Covering the years from 1975 to 1979, the story moves from the deaths of multiple family  members to the forced separation of the survivors, leading ultimately to the reuniting of much of the family, followed by marriages and immigrations.

Getting Away with Genocide: Cambodia’s Long Struggle Against Khmer Rouge, by Tom Fawthrop and Helen Jarvis
This book covers the history of Cambodia since 1979 and the various attempts by the US and China to stop the Cambodian people from bringing the Khmer Rouge to justice.  Tom Fawthrop and Helen Jarvis reveal why it took 18 years for the UN to recognise the mass murder and crimes against humanity that took place under the Killing Fields regime.

Survival in the Killing Fields, by Haing Ngor
In Haing Ngor’s memoir, Survival in the Killing Fields, he tells the gripping and frequently terrifying story of his term in the hell created by the communist Khmer Rouge.  Like Dith Pran, the Cambodian doctor and interpreter whom Ngor played in an Oscar-winning performance in The Killing Fields, Ngor lived through the atrocities that the 1984 film portrayed.

The Pol Pot Regime: Race, Power, and Genocide in Cambodia under the Khmer Rouge, 1975-79, by Ben Kiernan
Offering an account of the Cambodian revolution and genocide, this book includes a preface that takes the story up to 2008 and the UN-sponsored Khmer Rouge tribunal.

Recommended Films:

Cambodia: The Betrayal
The world was horrified to learn of the holocaust which had taken place in Cambodia at the hands of Pol Pot and the Khmer Rouge.  This film exposes the hypocrisy of the Western nations which continue to support Pol Pot, despite the atrocities of his regime.

Enemies of the People
The Khmer Rouge ran what is regarded as one of the twentieth century’s most brutal regimes.  In Enemies of the People the men and women who perpetrated the massacres – from the foot-soldiers who slit throats to the party’s ideological leader, Nuon Chea aka Brother Number Two – break a 30-year silence to give testimony never before heard or seen.

New Year Baby
As a child in the United States, filmmaker Socheata Poeuv knew that her parents had survived oppression and genocide under the Khmer Rouge, but they never spoke of it aloud.  After a startling admission from her parents, Socheata travels to Cambodia to unravel the mystery shrouding her family’s survival and eventual escape.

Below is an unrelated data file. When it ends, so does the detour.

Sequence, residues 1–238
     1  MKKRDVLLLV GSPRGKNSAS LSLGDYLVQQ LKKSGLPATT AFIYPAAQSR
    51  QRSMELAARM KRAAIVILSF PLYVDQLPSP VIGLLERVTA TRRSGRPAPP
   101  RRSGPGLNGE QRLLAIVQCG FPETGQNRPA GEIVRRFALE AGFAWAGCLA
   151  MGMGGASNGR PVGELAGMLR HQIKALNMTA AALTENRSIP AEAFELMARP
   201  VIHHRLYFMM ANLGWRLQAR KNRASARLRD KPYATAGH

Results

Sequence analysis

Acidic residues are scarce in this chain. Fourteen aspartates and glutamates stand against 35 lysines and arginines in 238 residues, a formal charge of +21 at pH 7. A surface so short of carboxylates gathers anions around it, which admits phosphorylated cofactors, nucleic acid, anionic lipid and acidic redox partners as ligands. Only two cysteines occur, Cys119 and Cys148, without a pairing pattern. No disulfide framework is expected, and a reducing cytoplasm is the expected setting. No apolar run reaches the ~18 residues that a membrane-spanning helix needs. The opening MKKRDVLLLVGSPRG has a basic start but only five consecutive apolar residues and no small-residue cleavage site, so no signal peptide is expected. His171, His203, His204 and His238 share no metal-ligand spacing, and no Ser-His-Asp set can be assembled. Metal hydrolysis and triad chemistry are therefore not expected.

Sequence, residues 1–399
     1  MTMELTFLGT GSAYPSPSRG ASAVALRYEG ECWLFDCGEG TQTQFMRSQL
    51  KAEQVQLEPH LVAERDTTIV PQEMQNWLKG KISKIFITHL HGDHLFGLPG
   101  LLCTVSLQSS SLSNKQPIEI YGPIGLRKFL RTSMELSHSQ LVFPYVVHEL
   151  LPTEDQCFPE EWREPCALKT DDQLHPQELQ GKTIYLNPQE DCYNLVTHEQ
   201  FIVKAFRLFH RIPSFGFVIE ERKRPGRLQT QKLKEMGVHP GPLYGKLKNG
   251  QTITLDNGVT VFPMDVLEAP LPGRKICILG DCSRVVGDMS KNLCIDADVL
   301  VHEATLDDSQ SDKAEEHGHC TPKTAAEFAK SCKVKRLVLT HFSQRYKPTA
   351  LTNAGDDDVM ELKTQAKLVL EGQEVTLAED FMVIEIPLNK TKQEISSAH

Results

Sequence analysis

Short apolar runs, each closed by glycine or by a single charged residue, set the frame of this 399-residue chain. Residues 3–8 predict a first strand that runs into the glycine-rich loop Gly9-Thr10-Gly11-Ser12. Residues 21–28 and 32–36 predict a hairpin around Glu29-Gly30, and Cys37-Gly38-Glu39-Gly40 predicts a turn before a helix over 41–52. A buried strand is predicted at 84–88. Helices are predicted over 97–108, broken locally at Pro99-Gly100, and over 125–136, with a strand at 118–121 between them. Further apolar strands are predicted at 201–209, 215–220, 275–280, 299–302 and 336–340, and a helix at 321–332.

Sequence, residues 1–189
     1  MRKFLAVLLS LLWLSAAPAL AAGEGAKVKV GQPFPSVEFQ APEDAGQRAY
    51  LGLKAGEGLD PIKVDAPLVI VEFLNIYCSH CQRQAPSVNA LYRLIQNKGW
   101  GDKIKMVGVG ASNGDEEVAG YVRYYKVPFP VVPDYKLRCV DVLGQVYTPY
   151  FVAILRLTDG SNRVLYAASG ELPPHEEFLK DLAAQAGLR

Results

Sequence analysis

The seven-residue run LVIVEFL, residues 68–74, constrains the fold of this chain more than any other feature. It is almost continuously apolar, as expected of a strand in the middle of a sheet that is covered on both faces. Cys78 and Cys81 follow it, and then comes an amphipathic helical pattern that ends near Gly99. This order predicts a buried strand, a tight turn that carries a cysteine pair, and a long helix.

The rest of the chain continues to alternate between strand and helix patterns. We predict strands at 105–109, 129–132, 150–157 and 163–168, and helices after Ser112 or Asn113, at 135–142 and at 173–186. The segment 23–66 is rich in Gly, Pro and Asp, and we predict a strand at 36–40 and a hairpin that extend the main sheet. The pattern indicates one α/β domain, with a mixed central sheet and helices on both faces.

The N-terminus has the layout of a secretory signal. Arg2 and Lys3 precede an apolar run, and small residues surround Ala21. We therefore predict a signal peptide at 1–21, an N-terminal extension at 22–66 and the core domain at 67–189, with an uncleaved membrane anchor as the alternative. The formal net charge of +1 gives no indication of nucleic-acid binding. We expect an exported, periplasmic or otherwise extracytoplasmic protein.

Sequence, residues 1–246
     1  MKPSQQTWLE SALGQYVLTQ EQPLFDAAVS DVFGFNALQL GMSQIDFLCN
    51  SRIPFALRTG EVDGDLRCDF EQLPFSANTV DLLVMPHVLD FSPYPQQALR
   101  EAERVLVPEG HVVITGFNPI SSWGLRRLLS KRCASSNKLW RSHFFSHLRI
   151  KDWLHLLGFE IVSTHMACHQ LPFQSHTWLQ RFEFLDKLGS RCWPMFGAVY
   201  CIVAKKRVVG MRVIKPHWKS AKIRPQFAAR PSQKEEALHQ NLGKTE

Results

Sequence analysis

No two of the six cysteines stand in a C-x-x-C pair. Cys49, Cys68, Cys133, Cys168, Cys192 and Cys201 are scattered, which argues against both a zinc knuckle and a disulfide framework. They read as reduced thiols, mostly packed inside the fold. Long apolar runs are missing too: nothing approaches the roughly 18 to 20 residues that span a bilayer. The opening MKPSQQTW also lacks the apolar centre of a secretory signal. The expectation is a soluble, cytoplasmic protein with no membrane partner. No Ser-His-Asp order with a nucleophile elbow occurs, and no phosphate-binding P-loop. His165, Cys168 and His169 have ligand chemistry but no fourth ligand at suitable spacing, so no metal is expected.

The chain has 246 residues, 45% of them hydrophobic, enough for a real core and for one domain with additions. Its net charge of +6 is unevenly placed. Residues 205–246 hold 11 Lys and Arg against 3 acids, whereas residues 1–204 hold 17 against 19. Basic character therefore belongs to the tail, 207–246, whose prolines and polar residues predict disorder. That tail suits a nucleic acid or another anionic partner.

Return To The Killing Fields-Investigative Reports
Bill Kurtis takes a trip back to the “killing fields” of Cambodia, where the Khmer Rouge leader Pol Pot ordered the torture and murder of millions of peasants, business people, army officers, and the educated in a cruel social experiment to create a pure Communist society during the years 1975-79.

Small Voices: The Stories of Cambodia’s Children *favorite
The film looks at the children born to the uneducated, poverty-stricken survivors of the Khmer Rouge and the reality of their day-to-day lives.

The Killing Fields
This 1984 drama concerns the real-life relationship between New York Times reporter Sidney Schanberg and his Cambodian assistant Dith Pran (Haing S. Ngor), the latter left at the mercy of the Khmer Rouge after Schanberg–who chose to stay after American evacuation but was booted out–failed to get him safe passage.

Year Zero: The Silent Death of Cambodia
John Pilger vividly reveals the brutality and murderous political ambitions of the Pol Pot/Khmer Rouge totalitarian regime which bought genocide and despair to the people of Cambodia while neighboring countries, including Australia, shamefully ignored the immense human suffering and unspeakable crimes that bloodied this once beautiful country.

Background on the Cambodian Genocide: When the Khmer Rouge took control of the Cambodian government in 1975, they declared the beginning of a new age dedicated to a peasant-oriented society. After outlawing education, religion, healthcare and technology, the Khmer Rouge ordered the evacuation of Cambodia’s cities and forced these residents to labor without adequate food or rest. At the same time as summarily executing those who were unable to keep up, the Khmer Rouge began to target suspected political dissidents. These citizens, including doctors, teachers and those suspected of being educated were singled out for torture at the notorious Tuol Sleng prison. In four years, between 1.7 and 2 million Cambodians died in the Khmer Rouge’s ‘Killing Fields’.

– From GI-Net / Save Darfur Coalition (link)

Compiled by Paulina Robles and Barbara English of Orange County for Darfur and Martina Knee of the San Francisco Bay Area Darfur Coalition.